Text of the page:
Rajasthan’s ‘pink-city’ is much more than its pink-red-tinged architecture and medieval magnificence. This magnificent residence of former royals is steeped in history and significance. Jaipur, India’s first planned city, has a long history of royalty who resided in majestic forts and palaces. But the capital of Rajasthan is known for more than that. The entire city of Jaipur is painted pink, and there’s a wonderful story to go along with it. Here’s everything you need to know about the pink city, being one of India’s most welcoming cities.
Birth Of The City
Jaipur’s history began with the formation of the Jaipur Kingdom, which succeeded the dynamic and rich kingdom of Amber, which is 11 kilometers from Jaipur, was once Maharaja Jai Singh II’s capital. With the expanding population and paucity of water, he felt compelled to relocate his capital city. Jaipur is India’s first planned city, and the King took great care in planning this victorious city. Before laying out Jaipur, he read various books on architecture and architectural tacts.
Maharaja Jai Singh II, commonly known as Sawai Jai Singh, created this vibrant metropolis in 1727. Jaipur is undeniably a well-designed city, as its founder was a well-known mathematician and astronomer. Vidyadhar Bhattacharya was a Bengali Brahmin scholar who helped Sawai Jai Singh plan the city’s layout. The completion of major locations, highways, and squares took four years, and each was built using Vastu Shastra procedures.
Power Struggles In Jaipur
Even though Jaipur battled to gain power, it remained a royal kingdom until 1948. Jaipur’s past is littered with tales of internal power struggles in the Pink City. Despite the fact that it had lost the Battle of Patan to the Marathas in 1790, it had enough resources to keep its patronage. Even though Jai Singh was concerned about the city’s security, he concentrated on his scientific and cultural interests in order to create a beautiful place. Following Sawai Jai Singh was Ishwari Singh, who was followed by many Kachwaha dynasty monarchs. On April 7, 1949, Jaipur joined the Indian Union and now Sawai Padmanabh Singh and his royal family currently reside in Jaipur’s City Palace.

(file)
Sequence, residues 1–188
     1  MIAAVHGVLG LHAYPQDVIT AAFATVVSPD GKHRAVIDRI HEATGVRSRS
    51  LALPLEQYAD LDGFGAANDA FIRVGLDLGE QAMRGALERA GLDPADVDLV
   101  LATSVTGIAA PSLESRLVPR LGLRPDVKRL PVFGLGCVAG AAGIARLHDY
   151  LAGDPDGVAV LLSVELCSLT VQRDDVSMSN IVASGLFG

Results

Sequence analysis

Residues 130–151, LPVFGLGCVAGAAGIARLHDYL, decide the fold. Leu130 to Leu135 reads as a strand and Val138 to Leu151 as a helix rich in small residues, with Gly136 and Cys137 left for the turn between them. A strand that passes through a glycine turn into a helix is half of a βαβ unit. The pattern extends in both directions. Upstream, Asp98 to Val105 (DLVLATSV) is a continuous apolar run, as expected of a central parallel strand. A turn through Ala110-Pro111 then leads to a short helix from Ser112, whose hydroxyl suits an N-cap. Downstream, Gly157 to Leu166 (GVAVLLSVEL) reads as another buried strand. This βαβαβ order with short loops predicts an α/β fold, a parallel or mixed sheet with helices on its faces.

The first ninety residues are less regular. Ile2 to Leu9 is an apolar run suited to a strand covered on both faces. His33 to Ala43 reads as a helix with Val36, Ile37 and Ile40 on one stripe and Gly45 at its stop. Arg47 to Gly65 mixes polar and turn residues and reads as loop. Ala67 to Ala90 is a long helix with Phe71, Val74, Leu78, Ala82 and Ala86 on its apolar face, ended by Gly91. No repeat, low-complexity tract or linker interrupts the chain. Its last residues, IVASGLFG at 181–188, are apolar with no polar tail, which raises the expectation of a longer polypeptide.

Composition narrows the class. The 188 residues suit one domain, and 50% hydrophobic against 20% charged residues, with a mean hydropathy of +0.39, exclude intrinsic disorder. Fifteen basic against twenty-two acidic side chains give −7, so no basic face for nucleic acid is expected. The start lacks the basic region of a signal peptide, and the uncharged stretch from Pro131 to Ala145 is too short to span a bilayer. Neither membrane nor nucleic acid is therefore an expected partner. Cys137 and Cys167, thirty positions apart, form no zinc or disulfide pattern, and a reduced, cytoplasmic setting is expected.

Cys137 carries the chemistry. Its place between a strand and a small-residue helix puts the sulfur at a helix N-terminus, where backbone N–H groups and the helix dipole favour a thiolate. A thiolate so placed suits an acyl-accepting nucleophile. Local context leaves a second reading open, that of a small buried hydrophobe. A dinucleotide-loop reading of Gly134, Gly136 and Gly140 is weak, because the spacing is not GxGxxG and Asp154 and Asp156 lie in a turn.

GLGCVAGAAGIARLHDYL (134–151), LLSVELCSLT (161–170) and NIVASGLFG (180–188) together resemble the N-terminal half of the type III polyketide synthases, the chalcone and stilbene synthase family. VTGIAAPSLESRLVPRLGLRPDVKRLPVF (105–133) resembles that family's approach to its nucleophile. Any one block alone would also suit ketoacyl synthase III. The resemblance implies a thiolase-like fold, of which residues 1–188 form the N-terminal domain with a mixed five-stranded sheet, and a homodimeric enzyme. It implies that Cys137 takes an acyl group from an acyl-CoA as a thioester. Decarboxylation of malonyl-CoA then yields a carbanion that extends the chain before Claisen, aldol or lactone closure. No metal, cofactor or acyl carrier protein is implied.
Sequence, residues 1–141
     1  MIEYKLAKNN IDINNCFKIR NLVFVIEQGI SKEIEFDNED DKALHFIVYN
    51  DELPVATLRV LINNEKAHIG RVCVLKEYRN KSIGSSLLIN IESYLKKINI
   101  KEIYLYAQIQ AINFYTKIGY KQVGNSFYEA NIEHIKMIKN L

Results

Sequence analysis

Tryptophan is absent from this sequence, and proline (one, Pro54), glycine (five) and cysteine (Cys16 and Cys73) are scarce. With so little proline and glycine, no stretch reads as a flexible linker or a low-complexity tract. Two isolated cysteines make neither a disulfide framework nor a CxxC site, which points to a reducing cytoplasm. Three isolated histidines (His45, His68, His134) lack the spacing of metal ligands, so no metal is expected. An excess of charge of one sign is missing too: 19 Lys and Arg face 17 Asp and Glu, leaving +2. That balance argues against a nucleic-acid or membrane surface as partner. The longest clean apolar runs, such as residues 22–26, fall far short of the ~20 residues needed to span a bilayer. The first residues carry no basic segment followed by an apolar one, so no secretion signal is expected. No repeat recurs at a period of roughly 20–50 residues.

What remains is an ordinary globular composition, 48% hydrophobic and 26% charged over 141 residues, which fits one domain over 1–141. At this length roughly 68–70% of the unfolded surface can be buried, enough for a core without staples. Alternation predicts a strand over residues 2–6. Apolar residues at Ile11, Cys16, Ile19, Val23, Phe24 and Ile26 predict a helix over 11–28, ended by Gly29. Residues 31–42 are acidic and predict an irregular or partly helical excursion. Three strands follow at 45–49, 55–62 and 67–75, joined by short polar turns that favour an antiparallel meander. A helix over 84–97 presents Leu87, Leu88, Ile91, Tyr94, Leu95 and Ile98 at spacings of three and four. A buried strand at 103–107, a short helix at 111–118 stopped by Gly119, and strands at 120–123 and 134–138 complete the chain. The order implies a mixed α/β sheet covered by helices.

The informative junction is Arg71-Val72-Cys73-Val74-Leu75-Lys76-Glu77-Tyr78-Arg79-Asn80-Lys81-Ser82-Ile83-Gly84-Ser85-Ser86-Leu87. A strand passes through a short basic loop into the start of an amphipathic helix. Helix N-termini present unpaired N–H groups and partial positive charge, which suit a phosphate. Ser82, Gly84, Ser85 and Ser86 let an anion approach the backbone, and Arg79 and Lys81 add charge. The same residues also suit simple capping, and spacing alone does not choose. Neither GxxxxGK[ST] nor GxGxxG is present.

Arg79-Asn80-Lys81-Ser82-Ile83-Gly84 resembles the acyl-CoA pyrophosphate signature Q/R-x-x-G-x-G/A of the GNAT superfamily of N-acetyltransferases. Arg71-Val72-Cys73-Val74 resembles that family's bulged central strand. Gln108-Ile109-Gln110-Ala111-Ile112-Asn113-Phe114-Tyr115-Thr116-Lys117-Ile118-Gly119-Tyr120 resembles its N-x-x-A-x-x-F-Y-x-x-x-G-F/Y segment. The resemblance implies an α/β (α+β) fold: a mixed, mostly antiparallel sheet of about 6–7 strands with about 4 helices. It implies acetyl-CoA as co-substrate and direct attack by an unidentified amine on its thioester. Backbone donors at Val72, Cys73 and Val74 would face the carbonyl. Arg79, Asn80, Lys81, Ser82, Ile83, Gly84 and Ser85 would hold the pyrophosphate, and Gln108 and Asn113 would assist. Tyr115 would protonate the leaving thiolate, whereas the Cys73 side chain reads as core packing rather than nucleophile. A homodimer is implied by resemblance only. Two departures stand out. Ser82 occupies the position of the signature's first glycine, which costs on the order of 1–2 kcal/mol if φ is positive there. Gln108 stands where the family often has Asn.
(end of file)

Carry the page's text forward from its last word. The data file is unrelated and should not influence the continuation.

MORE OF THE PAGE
Why Pink City?
After the death of Jai Singh in 1722, Jaipur’s authority began to wane. Unworthy princes and kings were unable to protect the region, and large swaths of land were lost to other kingdoms. Jaipur signed a pact with the British in 1818, allowing the monarch to retain authority of the region while being supervised by the British. When the Prince of Wales and Queen Victoria visited India in the 19th century, Jaipur was completely under British rule. To welcome the king, the administration of Jaipur ordered that important buildings be painted pink. Pink is the color of hospitality, therefore Maharaja Ram Singh had the city saturated in it to bring to life the meaning of the welcoming words, “Padharo Mhare Desh.”
Because the law remained in effect, those structures are still pink today, earning Jaipur the nickname “Pink City.” Perhaps the decision hasn’t been challenged because the city’s residents recognize the law’s historical significance. With the exception of a few structures, the entire city is painted in the color of hospitality and greets visitors and guests with open arms.
History Of Jaipur Resonates In The Form Of Ancient Monuments
Every wall you see in the city will make you envious of Jaipur’s architectural splendor. Each of the monuments listed below has succeeded in retaining its life and individuality to this day and contributes significantly to Jaipur’s history.